Browse Business Software Categories


Small Business CRM

How to Use Microsoft Excel for CRM

How to Use Microsoft Excel for CRM

Excel is one of the most powerful pieces of software that businesses can use. Excel is not specifically a piece of contact management software, nor is it accounting software. It’s not even calendar software; in fact it’s all of those things and anything else you want it to be.

The power of Excel lies in its flexibility. A spreadsheet is essentially a basic programming environment that allows you to store and organize data, and then manipulate that data in a number of straightforward ways. Once you learn the basics, you can create some impressively dynamic and useful spreadsheets that will manage a number of aspects of your business. And because you’ll be using software that you likely already own, you’ll save a lot of money and face fewer compatibility issues. Here we will look at how you can turn Excel into a powerful CRM system with minimal effort and maximum efficiency.

Using Excel: The Basics

Before using the dynamic elements of Excel, users start with a table that they can fill out as they wish. This simple setup is useful, as it will allow you to list all of your contacts’ names down one column, with contact details, notes and history in other columns. For sales teams, notes might include things like personal details or comments for future discussions, while for marketing teams one might include how many purchases a customer has made, along with details regarding a customer’s interests or tendencies. What you have now is the very basics of a CRM system.

Organizing Contacts with Filters

Still keeping track of clients manually? That’s where one of the more dynamic features of Excel comes in: filter. To filter your entries on the newest version of Excel, click the “Home” tab and then the “Sort and Filter” option. Make sure you’ve highlighted the top row for the columns that you want to apply the change to, and then click “Filter.”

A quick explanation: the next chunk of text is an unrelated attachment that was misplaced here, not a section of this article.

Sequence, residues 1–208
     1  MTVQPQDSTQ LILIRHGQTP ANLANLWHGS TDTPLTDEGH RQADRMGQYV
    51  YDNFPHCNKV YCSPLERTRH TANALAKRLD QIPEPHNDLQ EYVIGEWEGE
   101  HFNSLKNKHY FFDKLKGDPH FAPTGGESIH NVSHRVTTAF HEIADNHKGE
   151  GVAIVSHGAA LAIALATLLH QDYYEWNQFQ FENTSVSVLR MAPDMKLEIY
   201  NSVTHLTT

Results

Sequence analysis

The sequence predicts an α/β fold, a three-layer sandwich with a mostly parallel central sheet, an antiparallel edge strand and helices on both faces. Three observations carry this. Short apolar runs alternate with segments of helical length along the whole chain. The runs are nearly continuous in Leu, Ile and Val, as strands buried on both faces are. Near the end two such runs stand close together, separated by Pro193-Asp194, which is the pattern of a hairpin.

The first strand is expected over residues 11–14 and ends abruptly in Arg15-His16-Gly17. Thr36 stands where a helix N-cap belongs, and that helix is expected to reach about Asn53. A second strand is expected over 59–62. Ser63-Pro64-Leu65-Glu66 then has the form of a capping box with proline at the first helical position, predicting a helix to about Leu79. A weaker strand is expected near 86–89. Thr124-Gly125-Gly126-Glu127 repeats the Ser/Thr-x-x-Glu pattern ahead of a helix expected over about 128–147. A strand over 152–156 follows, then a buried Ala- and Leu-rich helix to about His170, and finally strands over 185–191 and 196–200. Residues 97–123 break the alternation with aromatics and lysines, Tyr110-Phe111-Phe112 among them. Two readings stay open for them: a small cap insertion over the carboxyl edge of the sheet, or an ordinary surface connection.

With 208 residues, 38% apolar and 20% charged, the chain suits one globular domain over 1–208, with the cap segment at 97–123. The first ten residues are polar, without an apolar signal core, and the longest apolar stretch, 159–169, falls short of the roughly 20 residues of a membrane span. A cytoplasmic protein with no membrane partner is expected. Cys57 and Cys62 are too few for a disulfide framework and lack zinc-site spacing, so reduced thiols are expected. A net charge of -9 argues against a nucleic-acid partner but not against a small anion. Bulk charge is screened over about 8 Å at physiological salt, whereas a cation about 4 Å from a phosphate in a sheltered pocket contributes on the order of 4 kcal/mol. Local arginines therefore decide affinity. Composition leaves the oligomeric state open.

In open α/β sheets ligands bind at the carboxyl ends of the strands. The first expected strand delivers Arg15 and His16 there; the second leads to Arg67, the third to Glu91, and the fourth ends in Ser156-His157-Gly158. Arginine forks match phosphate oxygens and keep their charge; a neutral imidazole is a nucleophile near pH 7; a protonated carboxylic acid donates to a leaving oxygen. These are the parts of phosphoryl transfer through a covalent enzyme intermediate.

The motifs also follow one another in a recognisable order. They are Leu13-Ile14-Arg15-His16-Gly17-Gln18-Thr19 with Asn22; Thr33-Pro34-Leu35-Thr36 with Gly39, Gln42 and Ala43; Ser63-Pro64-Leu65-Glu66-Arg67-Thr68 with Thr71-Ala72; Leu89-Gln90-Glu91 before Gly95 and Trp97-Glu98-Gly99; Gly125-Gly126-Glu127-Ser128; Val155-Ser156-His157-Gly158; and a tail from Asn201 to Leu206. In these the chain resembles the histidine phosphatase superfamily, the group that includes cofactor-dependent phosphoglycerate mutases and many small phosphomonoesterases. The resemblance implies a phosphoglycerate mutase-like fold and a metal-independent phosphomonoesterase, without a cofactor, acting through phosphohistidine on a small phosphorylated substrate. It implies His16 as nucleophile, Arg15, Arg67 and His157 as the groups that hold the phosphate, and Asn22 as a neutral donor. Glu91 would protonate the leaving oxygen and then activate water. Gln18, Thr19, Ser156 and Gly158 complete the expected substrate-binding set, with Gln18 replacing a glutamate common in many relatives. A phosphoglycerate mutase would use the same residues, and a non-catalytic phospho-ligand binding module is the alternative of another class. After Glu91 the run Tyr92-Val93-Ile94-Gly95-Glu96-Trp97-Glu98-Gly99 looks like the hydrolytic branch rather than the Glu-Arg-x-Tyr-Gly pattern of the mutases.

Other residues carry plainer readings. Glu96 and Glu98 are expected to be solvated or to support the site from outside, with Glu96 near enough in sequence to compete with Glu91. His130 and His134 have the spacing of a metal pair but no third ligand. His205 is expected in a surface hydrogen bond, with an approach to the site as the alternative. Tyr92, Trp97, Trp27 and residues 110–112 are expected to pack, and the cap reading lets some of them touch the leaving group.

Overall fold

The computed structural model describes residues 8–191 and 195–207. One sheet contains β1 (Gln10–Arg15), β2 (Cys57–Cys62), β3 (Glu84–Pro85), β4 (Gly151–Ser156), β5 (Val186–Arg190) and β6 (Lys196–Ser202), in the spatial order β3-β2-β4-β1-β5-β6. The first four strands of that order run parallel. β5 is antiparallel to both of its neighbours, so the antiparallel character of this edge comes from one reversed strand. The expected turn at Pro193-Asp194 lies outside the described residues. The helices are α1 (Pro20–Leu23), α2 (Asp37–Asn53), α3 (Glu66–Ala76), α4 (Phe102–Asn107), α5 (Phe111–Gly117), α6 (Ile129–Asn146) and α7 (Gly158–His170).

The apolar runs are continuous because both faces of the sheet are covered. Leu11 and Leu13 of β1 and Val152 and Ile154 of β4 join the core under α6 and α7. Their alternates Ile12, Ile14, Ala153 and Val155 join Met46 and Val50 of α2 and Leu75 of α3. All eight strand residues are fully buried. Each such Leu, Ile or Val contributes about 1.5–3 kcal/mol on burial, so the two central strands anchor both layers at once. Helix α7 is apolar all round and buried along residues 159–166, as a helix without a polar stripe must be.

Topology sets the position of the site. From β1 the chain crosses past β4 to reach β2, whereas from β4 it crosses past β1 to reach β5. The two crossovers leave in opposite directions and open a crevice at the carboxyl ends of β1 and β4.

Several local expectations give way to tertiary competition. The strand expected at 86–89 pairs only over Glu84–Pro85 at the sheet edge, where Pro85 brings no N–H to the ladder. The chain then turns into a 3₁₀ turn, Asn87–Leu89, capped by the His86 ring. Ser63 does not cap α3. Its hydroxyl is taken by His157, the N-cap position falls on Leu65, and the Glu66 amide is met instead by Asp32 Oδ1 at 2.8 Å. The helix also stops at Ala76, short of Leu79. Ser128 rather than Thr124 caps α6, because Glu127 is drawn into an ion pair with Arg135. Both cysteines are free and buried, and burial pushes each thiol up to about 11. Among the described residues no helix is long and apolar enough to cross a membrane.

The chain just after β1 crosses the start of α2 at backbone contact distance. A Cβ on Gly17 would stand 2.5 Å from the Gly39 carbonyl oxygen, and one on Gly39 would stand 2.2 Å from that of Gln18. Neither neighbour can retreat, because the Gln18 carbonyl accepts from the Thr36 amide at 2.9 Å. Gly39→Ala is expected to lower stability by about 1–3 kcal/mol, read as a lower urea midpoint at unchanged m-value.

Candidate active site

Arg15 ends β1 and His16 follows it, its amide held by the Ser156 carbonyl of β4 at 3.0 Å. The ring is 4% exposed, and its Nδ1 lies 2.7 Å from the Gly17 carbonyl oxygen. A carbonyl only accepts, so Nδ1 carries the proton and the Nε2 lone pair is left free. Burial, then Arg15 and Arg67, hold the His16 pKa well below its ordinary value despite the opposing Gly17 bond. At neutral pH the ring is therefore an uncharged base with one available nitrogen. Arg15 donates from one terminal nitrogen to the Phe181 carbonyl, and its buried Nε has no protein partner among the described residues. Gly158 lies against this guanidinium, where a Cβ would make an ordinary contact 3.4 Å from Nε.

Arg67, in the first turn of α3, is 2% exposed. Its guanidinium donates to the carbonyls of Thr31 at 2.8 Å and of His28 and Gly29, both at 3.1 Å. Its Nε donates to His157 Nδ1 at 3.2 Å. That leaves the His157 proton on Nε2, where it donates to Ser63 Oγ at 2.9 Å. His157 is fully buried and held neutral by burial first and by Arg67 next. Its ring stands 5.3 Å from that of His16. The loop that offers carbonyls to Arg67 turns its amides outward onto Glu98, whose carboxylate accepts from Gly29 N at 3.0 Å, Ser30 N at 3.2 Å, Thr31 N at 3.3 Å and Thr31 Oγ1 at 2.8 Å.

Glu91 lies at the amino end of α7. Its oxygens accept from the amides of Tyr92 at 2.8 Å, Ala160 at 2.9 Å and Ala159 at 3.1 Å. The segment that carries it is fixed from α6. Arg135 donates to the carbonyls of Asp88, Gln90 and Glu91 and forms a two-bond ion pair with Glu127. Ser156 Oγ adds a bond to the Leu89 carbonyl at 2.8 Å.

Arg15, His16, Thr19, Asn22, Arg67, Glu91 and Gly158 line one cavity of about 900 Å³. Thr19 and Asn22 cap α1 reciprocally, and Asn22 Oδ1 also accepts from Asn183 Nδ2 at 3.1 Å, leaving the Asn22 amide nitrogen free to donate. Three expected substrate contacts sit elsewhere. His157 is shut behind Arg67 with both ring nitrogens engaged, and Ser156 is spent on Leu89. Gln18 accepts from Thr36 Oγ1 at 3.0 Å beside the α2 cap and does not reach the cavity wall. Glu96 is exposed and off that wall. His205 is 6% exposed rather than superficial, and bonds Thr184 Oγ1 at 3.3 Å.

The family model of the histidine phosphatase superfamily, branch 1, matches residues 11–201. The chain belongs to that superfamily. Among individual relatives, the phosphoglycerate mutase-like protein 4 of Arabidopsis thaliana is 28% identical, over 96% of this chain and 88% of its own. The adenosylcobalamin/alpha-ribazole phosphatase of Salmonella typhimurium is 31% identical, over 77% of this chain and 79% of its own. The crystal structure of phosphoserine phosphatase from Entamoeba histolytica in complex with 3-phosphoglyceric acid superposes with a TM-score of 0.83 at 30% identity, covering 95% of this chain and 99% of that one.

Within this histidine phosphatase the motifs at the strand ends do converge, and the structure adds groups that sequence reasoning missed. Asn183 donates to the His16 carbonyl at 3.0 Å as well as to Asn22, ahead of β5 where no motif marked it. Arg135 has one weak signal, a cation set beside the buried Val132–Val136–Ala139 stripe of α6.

Conditional Formatting

Another nifty Excel feature is the ability to use conditional formatting. This function is available from the “Home” tab, and it lets users define colors and other formatting changes for specific cells. For instance, if you were to update your contact list each time you spoke to a customer, you could set up your spreadsheet to highlight the contacts who haven’t heard from you in a while. That way, you can easily see which contacts haven’t been contacted recently (and therefore know automatically which may require a follow-up).


Of course, one could also use formulas to achieve the above effect. Formulas allow people to automatically calculate user-defined inquiries. These formulas can be used to calculate the difference between two dates, convert measurements, compare cell contents and look up values in a range. Each formula starts with an “=” sign followed by a space, and then contains the formula specifics. For instructions on how to use conditional statements (ie. “if” statements), check out YouTube for a number of instructional videos like the one below. Once you feel confident about your Excel abilities, you can try being more adventurous with things like a Nested IF.


VLOOKUP is one of Excel’s most powerful functions, allowing you to look up information from other worksheets. This function allows you to keep a key of information that you can easily use to find additional relevant information about your contacts.

Can You Really Use Excel for CRM?

By using these tools, you can have a dynamic list of contacts that you can search through using smart parameters, that you can use to display graphs. These parameters will alert you to important user-defined scenarios and triggers, and if you’re skilled with Excel you can add more functions as you need them.

For more information on customer relationship management software, head over to the CRM Research Center.

  • Consultant

Greg Fisher

Founder, Berkeley Sourcing Group
Greg Fisher, founder of Berkeley Sourcing Group, has a strong manufacturing and engineering background, and is proficient in Mandarin. After graduating from UC Berkeley with an engineering degree, Mr. Fisher worked in the medical device, hard drive storage, ...